Image credit: “Semele consumed by Jupiter’s [=Zeus’s] thunder”, 1733, Bernard Picart. In Tafereel, of Beschryving van den prachtigen Tempel der Zang-Godinnen, H. Chatelain, Amsterdam.
Recently I blogged about the one thing I teach that nobody ever forgets: the meaning, and etymology, of the life-history term semelparity. If you haven’t read that post, and want this one to make sense, go ahead and read it now (I’ll wait). But it turns out that etymology I explained there might be wrong*.
A sharp-eyed reader (Jon Benstead) alerted me to an alternative etymology, laid out by James Rader in a brief letter to Natural History. According to Rader, “the notion that the semel in semelparity…has some connection with the Semele of Greek mythology looks like a bit of biologists’ folklore”. Rader points out that semel is a Latin word for once (it’s derived in turn, although Rader doesn’t mention this, from a Proto-IndoEuropean root sem for one). Semelparity (once-bearing), he argues, therefore parallels iteroparity (repeated-bearing).
This etymology is simple and plausible, but I’m not convinced. The term was coined by Lamont Cole, in his 1954 paper on life histories. Cole didn’t explain the reasoning behind his coining, and it’s too late to ask him. But for three reasons, I’m suspicious of the Latin-semel-once story.
(1) Virtually all our other vocabulary uses other Greek or Latin roots to refer to single instances of things: monomorphic, monocarpic, univoltine, unicorn. I’m aware of only one other English word that uses Latin-semel-once: the linguistics term semelfactive, which (Rader says) describes Slavic verbs referring to single occurrences of actions. Why would Cole base a coining on a root that occurs nowhere else in biology?
(2) Counting on readers to recognize semel as Latin “once” risks confusion with the much more common Latin semi “half”, and this seems unwise. But for those who know some Greek mythology (and Cole, well-educated and of my grandparents’ generation, surely did), semel based on Semele is clear.
(3) Semelparity is about a little more than “once”. Yes, semelparous organisms reproduce once; but beyond that: they do so because their reproduction causes death**. Semel as “once” misses that half of the story, while an origin of semel from Semele captures it. If Cole had wanted only to express the notion of a single reproductive bout, existing words such as monocarpic were available.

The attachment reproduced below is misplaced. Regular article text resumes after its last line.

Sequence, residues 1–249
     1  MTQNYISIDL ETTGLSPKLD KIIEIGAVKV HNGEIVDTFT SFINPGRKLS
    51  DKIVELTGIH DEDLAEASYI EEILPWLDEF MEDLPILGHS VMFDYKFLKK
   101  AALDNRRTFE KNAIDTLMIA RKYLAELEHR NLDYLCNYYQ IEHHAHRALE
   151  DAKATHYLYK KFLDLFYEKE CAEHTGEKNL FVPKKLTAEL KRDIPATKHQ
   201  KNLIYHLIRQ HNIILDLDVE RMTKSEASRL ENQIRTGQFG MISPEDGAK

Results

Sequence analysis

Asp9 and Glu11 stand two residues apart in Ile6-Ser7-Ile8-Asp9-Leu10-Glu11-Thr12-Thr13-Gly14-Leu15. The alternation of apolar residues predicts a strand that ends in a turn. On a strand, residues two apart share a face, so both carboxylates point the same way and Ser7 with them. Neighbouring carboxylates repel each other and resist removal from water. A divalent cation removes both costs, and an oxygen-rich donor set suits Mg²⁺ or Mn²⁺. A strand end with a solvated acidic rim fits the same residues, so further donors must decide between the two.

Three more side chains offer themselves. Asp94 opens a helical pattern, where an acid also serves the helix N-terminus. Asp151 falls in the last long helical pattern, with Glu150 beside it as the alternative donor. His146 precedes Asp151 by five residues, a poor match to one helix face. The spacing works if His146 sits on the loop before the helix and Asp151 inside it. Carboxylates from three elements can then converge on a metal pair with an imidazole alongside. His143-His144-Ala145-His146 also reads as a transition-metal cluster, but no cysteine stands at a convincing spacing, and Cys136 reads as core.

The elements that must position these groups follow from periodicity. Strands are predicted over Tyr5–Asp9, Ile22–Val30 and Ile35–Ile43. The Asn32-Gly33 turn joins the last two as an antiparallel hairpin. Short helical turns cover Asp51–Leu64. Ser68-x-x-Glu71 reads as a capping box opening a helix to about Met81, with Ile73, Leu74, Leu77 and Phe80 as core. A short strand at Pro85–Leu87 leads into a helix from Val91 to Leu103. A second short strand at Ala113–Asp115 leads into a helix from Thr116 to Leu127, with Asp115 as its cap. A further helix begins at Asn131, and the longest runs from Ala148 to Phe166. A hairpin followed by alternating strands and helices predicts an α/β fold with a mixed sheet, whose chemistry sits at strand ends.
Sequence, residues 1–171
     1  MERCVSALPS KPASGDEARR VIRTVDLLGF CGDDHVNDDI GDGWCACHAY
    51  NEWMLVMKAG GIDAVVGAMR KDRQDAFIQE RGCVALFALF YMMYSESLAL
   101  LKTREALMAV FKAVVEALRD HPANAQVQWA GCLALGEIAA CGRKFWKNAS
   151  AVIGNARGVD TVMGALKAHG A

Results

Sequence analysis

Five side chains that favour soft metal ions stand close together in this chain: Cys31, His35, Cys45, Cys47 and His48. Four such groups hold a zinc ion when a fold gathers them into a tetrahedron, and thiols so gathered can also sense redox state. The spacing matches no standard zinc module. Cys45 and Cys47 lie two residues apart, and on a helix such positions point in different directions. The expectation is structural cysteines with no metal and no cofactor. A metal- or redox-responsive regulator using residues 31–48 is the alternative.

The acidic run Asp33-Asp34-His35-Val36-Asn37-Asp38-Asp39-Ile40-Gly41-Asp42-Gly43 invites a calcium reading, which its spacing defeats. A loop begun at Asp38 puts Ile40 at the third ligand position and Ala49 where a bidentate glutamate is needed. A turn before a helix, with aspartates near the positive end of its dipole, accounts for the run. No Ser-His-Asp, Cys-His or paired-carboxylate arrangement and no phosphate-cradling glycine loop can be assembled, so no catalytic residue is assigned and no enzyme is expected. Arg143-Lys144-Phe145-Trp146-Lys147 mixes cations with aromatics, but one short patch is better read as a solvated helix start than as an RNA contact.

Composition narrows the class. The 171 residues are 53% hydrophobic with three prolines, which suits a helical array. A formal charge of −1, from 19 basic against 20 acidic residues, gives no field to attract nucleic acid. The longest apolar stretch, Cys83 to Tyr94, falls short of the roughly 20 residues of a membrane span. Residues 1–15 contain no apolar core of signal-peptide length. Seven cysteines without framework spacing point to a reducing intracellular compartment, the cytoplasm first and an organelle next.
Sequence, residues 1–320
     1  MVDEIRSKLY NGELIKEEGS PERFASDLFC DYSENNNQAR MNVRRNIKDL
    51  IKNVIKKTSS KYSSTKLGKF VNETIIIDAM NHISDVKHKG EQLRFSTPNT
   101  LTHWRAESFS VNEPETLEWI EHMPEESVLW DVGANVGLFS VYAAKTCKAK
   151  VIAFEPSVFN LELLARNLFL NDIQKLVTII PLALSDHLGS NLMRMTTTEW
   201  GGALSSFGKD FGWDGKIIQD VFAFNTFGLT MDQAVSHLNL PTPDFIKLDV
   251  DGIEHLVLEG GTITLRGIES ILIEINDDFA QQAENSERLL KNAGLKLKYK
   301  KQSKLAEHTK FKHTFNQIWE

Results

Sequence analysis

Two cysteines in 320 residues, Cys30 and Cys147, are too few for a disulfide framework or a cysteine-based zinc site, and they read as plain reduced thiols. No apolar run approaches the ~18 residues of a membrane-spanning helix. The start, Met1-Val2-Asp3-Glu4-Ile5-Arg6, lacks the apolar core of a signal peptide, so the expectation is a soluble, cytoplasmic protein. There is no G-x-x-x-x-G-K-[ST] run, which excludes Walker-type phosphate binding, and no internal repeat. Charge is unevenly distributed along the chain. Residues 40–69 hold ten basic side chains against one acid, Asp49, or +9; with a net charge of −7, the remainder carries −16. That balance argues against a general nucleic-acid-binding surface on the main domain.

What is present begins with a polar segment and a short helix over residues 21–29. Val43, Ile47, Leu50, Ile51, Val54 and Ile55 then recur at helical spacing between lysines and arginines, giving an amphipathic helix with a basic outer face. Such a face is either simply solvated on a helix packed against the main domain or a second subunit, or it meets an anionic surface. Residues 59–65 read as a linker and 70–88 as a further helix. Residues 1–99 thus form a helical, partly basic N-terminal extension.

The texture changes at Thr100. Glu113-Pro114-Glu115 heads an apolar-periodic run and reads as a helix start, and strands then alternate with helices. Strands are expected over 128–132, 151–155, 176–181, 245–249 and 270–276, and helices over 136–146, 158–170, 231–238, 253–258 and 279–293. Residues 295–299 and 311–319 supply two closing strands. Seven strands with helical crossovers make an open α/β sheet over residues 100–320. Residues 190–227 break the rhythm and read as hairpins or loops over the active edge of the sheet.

So we have two rival*** etymologies, and each is plausible. If Cole really meant the Latin semel for “once”, then semelparity seems a disappointingly bad coining – obscure, confusing, and redundant with other perfectly good terms. But if Cole meant the Greek person Semele, the term is evocative and memorable (albeit messy, since then it mixes Greek with the Latin parous “bearing”). It could be that I just want the Semele story to be true – but I see good enough reason to keep my mind open. From now on, I’m going to teach both possible etymologies for semelparity; but I’m willing to bet it will still be Semele’s story that nobody ever forgets.
© Stephen Heard (email@example.com) October 20, 2015
*Nobody ought to be surprised by this. Least of all me. After all, I alert us both to this possibility right in the Scientist Sees Squirrel masthead.
**Usually indirectly, through redirection of resources away from maintenance or defence. But in some cases, reproduction is a direct cause of death – for instance, in certain gall midges (Diptera: Cecidomyiidae), in which eggs hatch and larvae develop inside the haemocoel of the mother, consuming her tissues and emerging by rupturing her body wall. Ouch.
***There may be some middle ground, because the origins of the name Semele are unclear. It’s been claimed to come from Proto-IndoEuropean dgem, meaning earth, by why would it? Origin from Proto-IndoEuropean sem meaning “one” would fit Semele’s story much better. If this is true, then there’s not much daylight between the two etymologies anyway.